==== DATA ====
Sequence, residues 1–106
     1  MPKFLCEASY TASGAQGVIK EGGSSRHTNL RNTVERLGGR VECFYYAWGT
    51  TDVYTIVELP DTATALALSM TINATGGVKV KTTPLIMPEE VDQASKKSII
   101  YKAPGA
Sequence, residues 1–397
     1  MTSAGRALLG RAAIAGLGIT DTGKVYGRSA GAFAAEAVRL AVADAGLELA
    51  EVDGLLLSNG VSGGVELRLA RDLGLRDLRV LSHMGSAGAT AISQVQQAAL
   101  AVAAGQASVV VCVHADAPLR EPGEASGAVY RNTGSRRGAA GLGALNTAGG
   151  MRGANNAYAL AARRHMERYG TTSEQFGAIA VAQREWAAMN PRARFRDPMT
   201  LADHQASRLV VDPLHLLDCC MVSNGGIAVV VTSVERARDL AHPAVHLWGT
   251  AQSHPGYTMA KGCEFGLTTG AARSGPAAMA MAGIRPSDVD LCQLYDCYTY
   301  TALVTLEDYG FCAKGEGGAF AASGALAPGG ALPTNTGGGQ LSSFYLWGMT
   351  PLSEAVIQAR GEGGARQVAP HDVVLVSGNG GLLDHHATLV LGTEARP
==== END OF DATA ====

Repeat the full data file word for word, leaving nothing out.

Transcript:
Sequence, residues 1–106
     1  MPKFLCEASY TASGAQGVIK EGGSSRHTNL RNTVERLGGR VECFYYAWGT
    51  TDVYTIVELP DTATALALSM TINATGGVKV KTTPLIMPEE VDQASKKSII
   101  YKAPGA
Sequence, residues 1–397
     1  MTSAGRALLG RAAIAGLGIT DTGKVYGRSA GAFAAEAVRL AVADAGLELA
    51  EVDGLLLSNG VSGGVELRLA RDLGLRDLRV LSHMGSAGAT AISQVQQAAL
   101  AVAAGQASVV VCVHADAPLR EPGEASGAVY RNTGSRRGAA GLGALNTAGG
   151  MRGANNAYAL AARRHMERYG TTSEQFGAIA VAQREWAAMN PRARFRDPMT
   201  LADHQASRLV VDPLHLLDCC MVSNGGIAVV VTSVERARDL AHPAVHLWGT
   251  AQSHPGYTMA KGCEFGLTTG AARSGPAAMA MAGIRPSDVD LCQLYDCYTY
   301  TALVTLEDYG FCAKGEGGAF AASGALAPGG ALPTNTGGGQ LSSFYLWGMT
   351  PLSEAVIQAR GEGGARQVAP HDVVLVSGNG GLLDHHATLV LGTEARP